Vachaspati is a wildly colorful raga that brings to mind the magnificent abstract paintings of Kandinsky. It is the 64th mela of Karnatic music, and became popular with North Indian classical musicians in the twentieth century, no doubt due to its extremely unusual and captivating melodic shape. Some related Hindustani ragas are Champakali, Sarasvati andYogini.
As is often the case, it was a recording by Shivkumar Sharma that communicated the magic of Vachaspati to me, and I began to ponder how I would use the raga as a basis for composition someday.
In September 2003, arrangements were made for me to interview Sharma the day following his concert in Los Angeles, and the organizers were gracious enough to provide me with a front row center seat. I was thrilled when Sharma selected Vachaspati for the opening and central raga of the performance. (This memorable interview is linked to azuremilesrecords.com)
By virtue of tivra madhyam (raised fourth) and komal nishad (lowered seventh), Vachaspati lends itself to fantastical melodic (and rhythmic!) explorations, even suggesting Western atonality.
My vision of Vachaspati is for meruvina (computer, software and sound module) playing sound samples of ud, tabla, ghatam, dholak, rainstick and tanpura. (My article, “Meruvina: Composition and Performance Coalesce”, is also linked to azuremilesrecords.com)
There were ancient Indian bowed string instruments that included small bells on the bow, adding a sparkling incandescence to the sound. I discovered this ancient practice around 1999, four years after I began echoing the melodic voice of the alap with rainstick, Indian bells and other appropriate timbres. It was startling to discover myself thinking along the same lines as ancient Indian musicians. Water Stones (Mayamalavagaula), from Hamoa (1995), was my first raga-based composition to use this technique. Sea of France (1991) is an earlier composition exhibiting the same concept.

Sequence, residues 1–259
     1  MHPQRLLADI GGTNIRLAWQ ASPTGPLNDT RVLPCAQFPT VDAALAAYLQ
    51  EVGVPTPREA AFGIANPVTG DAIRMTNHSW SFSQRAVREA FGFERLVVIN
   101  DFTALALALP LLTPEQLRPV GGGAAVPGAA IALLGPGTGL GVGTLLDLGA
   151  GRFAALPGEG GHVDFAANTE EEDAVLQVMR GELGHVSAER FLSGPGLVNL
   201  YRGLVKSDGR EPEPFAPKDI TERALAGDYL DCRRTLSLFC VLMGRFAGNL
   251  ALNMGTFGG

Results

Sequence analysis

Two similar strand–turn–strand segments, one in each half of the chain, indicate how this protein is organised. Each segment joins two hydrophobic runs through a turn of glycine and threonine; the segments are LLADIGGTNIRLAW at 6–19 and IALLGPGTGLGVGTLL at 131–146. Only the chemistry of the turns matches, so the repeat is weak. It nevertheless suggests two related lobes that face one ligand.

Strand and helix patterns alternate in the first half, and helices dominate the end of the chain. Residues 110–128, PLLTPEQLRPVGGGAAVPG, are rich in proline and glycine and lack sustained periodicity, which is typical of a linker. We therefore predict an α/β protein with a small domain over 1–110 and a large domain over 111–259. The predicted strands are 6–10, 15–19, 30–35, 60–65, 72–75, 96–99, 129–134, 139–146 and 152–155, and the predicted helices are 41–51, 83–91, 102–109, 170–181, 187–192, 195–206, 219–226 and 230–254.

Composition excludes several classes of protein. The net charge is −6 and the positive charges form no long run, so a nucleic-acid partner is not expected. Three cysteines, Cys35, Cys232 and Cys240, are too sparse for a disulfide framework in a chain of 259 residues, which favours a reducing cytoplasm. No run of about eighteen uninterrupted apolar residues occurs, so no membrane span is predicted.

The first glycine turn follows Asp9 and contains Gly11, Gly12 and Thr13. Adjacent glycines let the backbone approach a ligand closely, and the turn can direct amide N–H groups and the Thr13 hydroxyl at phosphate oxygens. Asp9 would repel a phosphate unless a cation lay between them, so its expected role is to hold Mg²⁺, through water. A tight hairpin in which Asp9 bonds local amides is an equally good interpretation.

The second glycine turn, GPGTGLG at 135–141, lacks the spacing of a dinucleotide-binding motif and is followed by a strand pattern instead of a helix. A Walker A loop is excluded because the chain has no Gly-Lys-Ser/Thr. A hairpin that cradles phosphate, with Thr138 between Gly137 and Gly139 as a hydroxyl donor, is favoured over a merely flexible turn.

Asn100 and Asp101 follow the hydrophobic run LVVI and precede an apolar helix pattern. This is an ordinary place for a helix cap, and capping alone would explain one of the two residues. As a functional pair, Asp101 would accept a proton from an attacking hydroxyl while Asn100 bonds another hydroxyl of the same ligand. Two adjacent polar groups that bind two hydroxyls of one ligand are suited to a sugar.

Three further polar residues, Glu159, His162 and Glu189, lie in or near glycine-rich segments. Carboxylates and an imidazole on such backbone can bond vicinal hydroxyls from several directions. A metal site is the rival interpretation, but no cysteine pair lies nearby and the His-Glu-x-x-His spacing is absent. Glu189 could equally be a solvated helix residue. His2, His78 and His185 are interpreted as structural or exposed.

In keeping with this practice, Vachaspati opens with ud and rainstick accompanied by tanpura. The jor adds another ud faintly establishing a steady pulse using shadj (tonic). The tempo increases dramatically in the jhala section that follows.
Tabla, ghatam and dholak make their entrance in the first gat, and are soon joined by the ud. In the second gat, the tempo increases, with the melody and percussion instruments continuing their abstract commingling. The final gat is much faster, and here the ghatam and dholak drop out, leaving ud and tabla to perform lilas (rhythmic play) of melody and rhythm.
Vachaspati was composed in 2004, and released in 2005.
- Michael Robinson, May 2005, Los Angeles
© 2005 Michael Robinson All rights reserved